Skip to Content, Navigation, or Footer.
Logo of The Middlebury Campus
Monday, May 16, 2022

Don't read these books alone

For the bookish among us, Halloween is a perfect time to revisit some of the spookiest tomes ever written. Brace yourselves for my top three fear-inducing books of all time. Don’t read this article alone.

I’m giving third place to Ford Maddox Ford’s “The Good Soldier” (1915). The novel tells the story of four early 20th-century couples: two hopelessly naive Americans, and two world-weary Brits. John Dowell, the American narrator, tries to make sense of his shattered world after discovering that his wife had a long-term affair with Captain Edward Ashburnham, Dowell’s only friend. Meanwhile, Briton Lenora Ashburnham schemes against her philandering husband.

In a sinister plot twist, Ford even adds one or two possible murders. I write “possible” since Ford’s protagonist is a confused, laughably unreliable narrator. Consider this rambling passage: “I don’t attach any particular importance to these generalizations of mine. They may be right; they may be wrong; I am only an ageing American with very little knowledge of life.” Beneath Dowell’s bumbling language lies unnavigable darkness.

Psychological horror does not often feature in romantic novels. The most heart-stopping scene in “Pride and Prejudice” (1813), for instance, is when Jane Bennet gets a bad cold. But “The Good Soldier,” despite its lusty beginnings, slowly becomes an utter nightmare. “I know nothing — nothing in the world — of the hearts of men,” relates Dowell. “I only know that I am alone — horribly alone. No hearthstone will ever again witness, for me, friendly intercourse.” Note the use of the word “intercourse.” Ford writes about sex in the same way that horror writer H.P Lovecraft characterizes the cosmic entity Cthulhu in the eponymous short story: as an ominous, primordial reckoning.

“The Good Soldier” ends with Nancy Rufford, the Ashburnham’s ward, descending into madness. After Nancy falls for Captain Ashburnham, the four main characters unite in banishing her to India. She spends the rest of her days in a madhouse, murmuring “Credo in unum Deum omnipotentem” [I believe in one all-powerful God] over and over again. Like Nancy’s recitation of the Nicene Creed, “The Good Soldier” will haunt you long after you have reached the story’s end.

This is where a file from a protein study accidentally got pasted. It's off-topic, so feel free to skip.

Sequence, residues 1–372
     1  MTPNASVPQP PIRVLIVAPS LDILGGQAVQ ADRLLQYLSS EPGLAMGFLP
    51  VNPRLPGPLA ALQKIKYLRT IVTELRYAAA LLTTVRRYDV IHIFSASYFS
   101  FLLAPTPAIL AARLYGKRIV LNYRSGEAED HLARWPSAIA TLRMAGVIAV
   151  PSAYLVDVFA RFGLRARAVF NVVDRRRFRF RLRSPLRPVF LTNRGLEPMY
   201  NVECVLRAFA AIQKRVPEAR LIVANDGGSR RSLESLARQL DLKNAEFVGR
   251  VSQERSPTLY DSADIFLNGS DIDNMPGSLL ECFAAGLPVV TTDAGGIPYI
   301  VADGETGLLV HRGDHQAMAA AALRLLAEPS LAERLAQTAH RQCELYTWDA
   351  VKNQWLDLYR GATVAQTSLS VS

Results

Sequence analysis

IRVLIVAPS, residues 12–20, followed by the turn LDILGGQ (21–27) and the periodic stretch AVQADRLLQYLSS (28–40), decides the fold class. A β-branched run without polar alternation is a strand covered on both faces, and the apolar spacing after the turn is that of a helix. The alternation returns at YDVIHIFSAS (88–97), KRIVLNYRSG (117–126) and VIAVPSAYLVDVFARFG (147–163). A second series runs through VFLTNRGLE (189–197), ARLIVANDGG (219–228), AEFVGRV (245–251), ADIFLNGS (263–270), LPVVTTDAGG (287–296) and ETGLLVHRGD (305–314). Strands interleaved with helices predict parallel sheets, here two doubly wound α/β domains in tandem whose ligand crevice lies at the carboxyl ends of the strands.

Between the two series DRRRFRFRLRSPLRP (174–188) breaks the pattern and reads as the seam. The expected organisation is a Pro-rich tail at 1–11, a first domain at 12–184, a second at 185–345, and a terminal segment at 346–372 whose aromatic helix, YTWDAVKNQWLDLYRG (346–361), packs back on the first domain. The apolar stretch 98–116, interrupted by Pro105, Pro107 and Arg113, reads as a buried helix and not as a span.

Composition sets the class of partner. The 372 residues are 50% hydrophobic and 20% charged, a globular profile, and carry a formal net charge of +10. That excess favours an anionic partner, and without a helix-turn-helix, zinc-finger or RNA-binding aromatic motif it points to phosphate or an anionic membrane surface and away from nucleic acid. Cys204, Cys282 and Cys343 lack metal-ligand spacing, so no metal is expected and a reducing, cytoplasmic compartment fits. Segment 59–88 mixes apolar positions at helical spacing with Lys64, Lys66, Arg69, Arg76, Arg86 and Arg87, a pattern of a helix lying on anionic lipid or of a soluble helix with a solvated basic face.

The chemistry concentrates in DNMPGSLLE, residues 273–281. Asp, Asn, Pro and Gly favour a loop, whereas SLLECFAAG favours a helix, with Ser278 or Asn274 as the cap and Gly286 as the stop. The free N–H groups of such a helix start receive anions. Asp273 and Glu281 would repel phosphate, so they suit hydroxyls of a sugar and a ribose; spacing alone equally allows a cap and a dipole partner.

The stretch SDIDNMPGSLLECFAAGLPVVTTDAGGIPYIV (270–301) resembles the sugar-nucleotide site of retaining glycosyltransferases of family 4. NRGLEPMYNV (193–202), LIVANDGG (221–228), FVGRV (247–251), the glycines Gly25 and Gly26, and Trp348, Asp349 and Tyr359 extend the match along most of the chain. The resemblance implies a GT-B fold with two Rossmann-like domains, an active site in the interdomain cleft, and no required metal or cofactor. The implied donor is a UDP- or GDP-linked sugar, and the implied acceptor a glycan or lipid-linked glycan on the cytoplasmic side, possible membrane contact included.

My runner-up is “The Woman In White” (1859) by Wilkie Collins. T.S. Eliot wrote, in the introduction to a 1928 edition of the book, that Collins’s other great novel, “The Moonstone,” is “​the first, the longest, and the best of modern English detective novels in a genre invented by Collins and not by [Edgar Allen] Poe.” “The Woman In White” has even more sleuthing than “The Moonstone” (1868). But while the latter book has a comic tone, “The Woman In White” invokes pure dread.

The novel’s opening scene is simple, but spooky. Walter Hartright, an impoverished drawing teacher, walks through the streets of London late at night. From out of the fog appears a young woman clad in pale tatters. She asks for some directions, but then suddenly flees. We learn that her name is Anne Catherick, and that Anne has recently escaped from a ward for the criminally insane.

Some months after this strange encounter, Walter falls in love with Laura Fairlie, a wealthy art student. All is well for a bit, but developments arise. For one, Anne Catherick is stalking Walter. For another, Laura gets engaged to Sir Percival Glyde, an old rake who values his fiancée’s dowry a bit too much.